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Title: Protecting native crayfish in the Midlands
Author: Environment Agency Midlands Region
Document Type: Monograph
Annotation: EA additional title info: The Crayfish code
Britain's freshwaters are home to a single species of crayfish known as the native or white-clawed crayfish. This fascinating creature is equally at home in still or running freshwater, where it leads a secretive and largely nocturnal existence. Its presence is an indication of good water quality and it plays an important role in the aquatic ecosystem, foraging for a variety of foods from fallen leaves to shrimps and snails, and itself falling prey to larger animals such as heron, trout, chub, eel and otter. The Midlands has long been a stronghold of the native crayfish, which may still be found in a number of our clean waters including upland streams and lowland rivers, lakes and deep reservoirs. However, the future of the species in our region is now in doubt, with recent years seeing a decline in numbers both here and in other parts of the country. The native crayfish is vulnerable to pollution, disturbance and to loss of habitat. It also faces a growing threat from introduced species of non-native or alien crayfish. These species, such as the North American signal crayfish, are often more aggressive and have been illegally introduced to the wild or escaped from crayfish farms and ponds. Non-native crayfish are quite capable of walking overland in their search for a home and will rapidly colonise freshwaters, killing or displacing native crayfish, damaging river banks and disturbing the natural balance of our aquatic systems. More deadly still, introduced crayfish can carry a virulent disease, known as crayfish plague, which spreads rapidly among our vulnerable native species and can wipe out entire populations of crayfish.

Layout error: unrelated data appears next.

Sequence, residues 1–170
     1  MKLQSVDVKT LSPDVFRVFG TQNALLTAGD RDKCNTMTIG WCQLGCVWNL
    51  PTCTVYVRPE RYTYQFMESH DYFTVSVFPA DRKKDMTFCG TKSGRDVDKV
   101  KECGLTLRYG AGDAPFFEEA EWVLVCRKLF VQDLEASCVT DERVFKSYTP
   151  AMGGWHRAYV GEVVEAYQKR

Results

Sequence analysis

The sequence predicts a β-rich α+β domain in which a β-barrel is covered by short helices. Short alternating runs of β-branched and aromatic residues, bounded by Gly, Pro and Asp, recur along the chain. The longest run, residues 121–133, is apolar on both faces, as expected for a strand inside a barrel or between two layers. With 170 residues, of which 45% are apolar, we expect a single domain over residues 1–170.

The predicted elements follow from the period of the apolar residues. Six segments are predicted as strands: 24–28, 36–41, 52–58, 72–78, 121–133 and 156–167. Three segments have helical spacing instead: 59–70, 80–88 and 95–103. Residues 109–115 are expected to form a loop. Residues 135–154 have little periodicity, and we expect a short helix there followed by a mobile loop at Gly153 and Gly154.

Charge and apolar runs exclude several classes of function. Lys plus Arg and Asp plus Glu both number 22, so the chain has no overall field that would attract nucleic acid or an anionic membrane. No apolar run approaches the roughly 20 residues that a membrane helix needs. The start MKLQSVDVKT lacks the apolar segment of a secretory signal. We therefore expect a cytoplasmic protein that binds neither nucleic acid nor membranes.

Publisher: Environment Agency
Publication Date: [after 1996]
Publication Place: Solihull
Subject Keywords: CrayfishNature conservationEndangered species
Geographic Keywords: Midlands (England)
Extent: n.p. [2]
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